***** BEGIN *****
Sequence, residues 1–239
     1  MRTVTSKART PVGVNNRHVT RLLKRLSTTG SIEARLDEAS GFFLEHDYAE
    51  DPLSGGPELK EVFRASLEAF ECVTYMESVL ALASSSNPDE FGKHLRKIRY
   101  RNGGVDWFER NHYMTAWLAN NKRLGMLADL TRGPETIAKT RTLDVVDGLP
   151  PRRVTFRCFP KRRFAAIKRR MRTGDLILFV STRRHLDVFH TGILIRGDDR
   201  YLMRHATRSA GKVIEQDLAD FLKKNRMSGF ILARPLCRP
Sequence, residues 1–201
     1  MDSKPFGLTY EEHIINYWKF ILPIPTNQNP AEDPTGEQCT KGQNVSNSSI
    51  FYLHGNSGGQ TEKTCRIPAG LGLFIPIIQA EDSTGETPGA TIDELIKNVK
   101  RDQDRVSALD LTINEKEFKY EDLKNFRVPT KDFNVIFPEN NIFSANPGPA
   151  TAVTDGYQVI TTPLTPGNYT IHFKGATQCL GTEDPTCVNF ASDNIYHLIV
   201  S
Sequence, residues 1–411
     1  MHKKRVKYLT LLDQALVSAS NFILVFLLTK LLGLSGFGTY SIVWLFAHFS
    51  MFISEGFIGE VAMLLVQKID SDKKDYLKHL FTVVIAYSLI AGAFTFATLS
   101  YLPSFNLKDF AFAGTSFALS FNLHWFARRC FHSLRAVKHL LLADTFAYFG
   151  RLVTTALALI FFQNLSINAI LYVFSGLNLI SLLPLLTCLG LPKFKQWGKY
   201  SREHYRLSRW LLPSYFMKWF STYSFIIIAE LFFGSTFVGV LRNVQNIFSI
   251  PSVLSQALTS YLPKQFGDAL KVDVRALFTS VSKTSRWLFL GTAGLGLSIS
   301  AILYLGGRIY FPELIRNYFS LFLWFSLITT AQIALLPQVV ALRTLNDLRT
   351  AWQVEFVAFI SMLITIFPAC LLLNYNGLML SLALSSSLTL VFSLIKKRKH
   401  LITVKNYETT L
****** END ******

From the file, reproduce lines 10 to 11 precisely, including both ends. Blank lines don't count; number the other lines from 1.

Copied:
   101  RDQDRVSALD LTINEKEFKY EDLKNFRVPT KDFNVIFPEN NIFSANPGPA
   151  TAVTDGYQVI TTPLTPGNYT IHFKGATQCL GTEDPTCVNF ASDNIYHLIV